Three Things Thursday: Digital Utopias, Poetry, and Everything is Fine

It’s the last Thursday before the last weekend before the start of classes. It feels rather momentous as we brace ourselves for the COVID-inflected start to the 2020-2021 academic year.

In an effort to preserve a sense of normalcy, I though it appropriate to drop a Three Things Thursday. A little alliteration never goes astray when your grasping at the new normal.

Thing the First

A few months ago, David Haeselin, a co-conspirator and buddy of mine made the observation that writing was a utopian project. It assumes readers, expects some kind of mutual understanding, and engages in  shared world building. (As I sit down to write this post, I also wish that I had read my friend and colleague Mark Jendrysik’s new book Utopia, rather than just congratulating him for it over social media.)

Recently, for various reasons, I’ve gotten to think that the kind of digital archaeology that I practice which focuses on the recording of information in the field through to the publishing of archaeological data in an open and granular format, is also a utopian undertaking. If I had more of the “little grey cells” I might be able to expand this observation somehow into a full blog post, if nothing else, but right now I’m content to offer it as a half-baked thought on a Three Things Thursday. 

I think our assumption and hope that we can record what we do in the field in a way that is useful in the future and, actually more than that, used in the future recognizes shared values between the present and future. Even a casual reader in archaeological methods and theory recognizes this view as a bit naive, but the hopefulness of this view perhaps lends a bit to what Shawn Graham and others have called the “enchantment” found in digital archaeology

Thing The Second

On Tuesday, The Digital Press released a new book titled, One Hundred Voices: Harrisburg’s Historic African American Community, 1850-1920. You can read about the book in more detail here. Since then, quite a few people have visited the book’s page at The Digital Press website and this, of course, is exciting. 

What has been a little disappointing is that most people aren’t taking the time to download the book. This, on the one hand, is understandable. The title and description reads as something intended for a fairly narrow audience. But I want to encourage anyone interested in US history, African-American history, or – and perhaps most importantly – public history to check out this volume! Or at very least read this poem. The book is free!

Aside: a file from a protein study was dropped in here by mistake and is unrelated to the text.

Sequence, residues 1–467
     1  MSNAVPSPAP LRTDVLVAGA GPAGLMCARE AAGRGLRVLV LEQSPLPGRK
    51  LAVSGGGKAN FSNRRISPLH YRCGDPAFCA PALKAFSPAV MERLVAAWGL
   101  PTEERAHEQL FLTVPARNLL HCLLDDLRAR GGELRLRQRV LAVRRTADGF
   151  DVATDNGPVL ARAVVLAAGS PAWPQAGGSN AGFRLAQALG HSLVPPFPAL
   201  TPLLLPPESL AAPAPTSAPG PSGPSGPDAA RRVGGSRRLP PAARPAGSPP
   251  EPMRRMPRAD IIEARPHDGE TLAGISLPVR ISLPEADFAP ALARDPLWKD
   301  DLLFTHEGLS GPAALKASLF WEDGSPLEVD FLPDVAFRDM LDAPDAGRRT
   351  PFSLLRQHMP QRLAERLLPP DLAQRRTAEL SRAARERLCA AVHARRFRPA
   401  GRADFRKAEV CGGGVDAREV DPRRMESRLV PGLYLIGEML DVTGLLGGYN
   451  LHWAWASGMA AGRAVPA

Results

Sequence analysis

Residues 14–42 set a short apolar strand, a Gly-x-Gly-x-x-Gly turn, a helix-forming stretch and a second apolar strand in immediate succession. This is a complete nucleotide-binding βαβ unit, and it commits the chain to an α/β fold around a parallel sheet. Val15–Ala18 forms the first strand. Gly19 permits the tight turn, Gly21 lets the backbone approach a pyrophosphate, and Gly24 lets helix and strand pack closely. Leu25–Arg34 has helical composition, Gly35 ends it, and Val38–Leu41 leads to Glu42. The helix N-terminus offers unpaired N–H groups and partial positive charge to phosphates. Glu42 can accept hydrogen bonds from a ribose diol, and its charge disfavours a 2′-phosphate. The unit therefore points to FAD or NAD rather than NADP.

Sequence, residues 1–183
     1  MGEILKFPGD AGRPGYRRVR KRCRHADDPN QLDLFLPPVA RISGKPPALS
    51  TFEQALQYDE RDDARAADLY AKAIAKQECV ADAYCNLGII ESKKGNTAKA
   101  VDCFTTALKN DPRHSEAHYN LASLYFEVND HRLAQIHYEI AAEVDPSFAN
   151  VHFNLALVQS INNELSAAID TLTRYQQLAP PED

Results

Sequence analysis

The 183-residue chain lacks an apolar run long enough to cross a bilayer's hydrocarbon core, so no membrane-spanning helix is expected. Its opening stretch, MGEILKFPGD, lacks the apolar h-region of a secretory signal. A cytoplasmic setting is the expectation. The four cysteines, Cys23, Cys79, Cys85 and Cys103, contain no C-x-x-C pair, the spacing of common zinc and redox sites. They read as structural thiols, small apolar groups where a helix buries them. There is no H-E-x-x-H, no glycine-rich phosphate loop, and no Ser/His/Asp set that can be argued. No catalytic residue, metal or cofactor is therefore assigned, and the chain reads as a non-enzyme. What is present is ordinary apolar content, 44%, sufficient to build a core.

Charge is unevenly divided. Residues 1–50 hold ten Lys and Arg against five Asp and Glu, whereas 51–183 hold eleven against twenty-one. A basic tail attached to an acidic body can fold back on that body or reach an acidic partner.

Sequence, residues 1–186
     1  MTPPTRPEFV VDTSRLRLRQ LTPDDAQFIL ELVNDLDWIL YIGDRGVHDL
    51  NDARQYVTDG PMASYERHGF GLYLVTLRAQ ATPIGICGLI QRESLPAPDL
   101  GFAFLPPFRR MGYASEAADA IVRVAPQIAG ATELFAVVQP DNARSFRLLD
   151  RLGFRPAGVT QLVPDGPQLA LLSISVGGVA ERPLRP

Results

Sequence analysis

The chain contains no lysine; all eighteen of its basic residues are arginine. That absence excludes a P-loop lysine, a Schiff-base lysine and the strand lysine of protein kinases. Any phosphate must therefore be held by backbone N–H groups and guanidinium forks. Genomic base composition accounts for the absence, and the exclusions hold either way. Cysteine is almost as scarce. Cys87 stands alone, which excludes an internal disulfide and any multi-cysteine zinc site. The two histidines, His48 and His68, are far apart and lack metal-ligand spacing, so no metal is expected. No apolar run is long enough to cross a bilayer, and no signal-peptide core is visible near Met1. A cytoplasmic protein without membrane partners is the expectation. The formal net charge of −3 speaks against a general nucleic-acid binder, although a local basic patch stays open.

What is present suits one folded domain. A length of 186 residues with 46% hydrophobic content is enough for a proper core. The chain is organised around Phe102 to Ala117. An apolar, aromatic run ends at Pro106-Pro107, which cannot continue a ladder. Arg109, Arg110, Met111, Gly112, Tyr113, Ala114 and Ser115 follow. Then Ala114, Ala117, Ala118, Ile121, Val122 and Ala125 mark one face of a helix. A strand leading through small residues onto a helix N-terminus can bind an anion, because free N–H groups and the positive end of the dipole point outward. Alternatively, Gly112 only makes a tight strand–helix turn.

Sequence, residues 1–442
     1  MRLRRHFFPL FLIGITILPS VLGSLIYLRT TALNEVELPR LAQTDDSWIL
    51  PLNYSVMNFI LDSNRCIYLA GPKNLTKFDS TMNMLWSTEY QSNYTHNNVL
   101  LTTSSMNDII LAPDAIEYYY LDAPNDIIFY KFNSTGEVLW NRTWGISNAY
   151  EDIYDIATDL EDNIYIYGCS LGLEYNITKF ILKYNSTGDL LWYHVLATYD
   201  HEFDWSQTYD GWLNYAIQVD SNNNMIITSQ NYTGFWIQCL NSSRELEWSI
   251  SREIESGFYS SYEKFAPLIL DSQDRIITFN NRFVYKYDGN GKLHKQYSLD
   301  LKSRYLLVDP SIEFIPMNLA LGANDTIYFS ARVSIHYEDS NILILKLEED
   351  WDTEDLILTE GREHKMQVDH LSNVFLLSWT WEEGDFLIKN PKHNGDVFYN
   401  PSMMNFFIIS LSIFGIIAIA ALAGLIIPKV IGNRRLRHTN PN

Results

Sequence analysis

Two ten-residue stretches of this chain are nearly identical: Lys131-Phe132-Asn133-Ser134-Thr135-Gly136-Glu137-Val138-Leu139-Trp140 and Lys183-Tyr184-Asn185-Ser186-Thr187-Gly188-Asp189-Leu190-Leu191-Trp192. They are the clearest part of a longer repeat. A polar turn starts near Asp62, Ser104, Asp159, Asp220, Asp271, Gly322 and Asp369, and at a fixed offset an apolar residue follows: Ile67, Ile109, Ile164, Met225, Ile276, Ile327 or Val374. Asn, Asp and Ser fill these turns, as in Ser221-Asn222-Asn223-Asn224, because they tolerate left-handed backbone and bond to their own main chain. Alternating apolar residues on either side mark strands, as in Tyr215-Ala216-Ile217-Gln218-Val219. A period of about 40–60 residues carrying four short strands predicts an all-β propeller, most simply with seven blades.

In the sane spirit, I would also encourage you to check out the New York Philharmonic’s Project 19. This project has commissioned 19 new works by women composers that debuted with the Philharmonic in February just before COVID-19 disrupted our world.

What I didn’t realize was that the Academy of American Poets also contributed to this project by commissioning 19 poems by women writers. You can read and listen to the poems here or download the 19-page book here.

Thing The Third

Like many people, I’m struggling to wrap my head around the upcoming semester, the risk associated with COVID-19, and the looming budget challenges facing my institution and our college in particular. 

To help me deal with this, I’ve adopted a new motto for the fall 2020 semester and I plan to produce some kind of poster or sign celebrating it over the weekend. 

The motto is:

EVERYTHING
IS
FINE.

Stay tuned.

New Book Day! One Hundred Voices: Harrisburg’s Historic African American Community, 1850-1920

It’s new book day at The Digital Press at the University of North Dakota!

We’re very proud and excited to announce the publication of One Hundred Voices: Harrisburg’s Historic African American Community, 1850-1920 edited by Calobe Jackson, Jr., Katie Wingert McArdle, David Pettegrew with a forward by Lenwood Sloan. You can download the book for free or purchase it via Amazon.

This book is a companion to the new Commonwealth Monument in Harrisburg, Pennsylvania which will be dedicated on August 26, 2020. This monument is dedicated to the significant African American community in Pennsylvania’s capital and its historic struggle for the vote. The monument consists of a bronze pedestal that will feature the names of one hundred change agents who pursued the power of suffrage and citizenship between 1850 and 1920 in Harrisburg. This book tells the story of their unique and lasting contributions to the standing and life of African Americans—and, indeed, the political power of all Americans—within their local communities and across the country.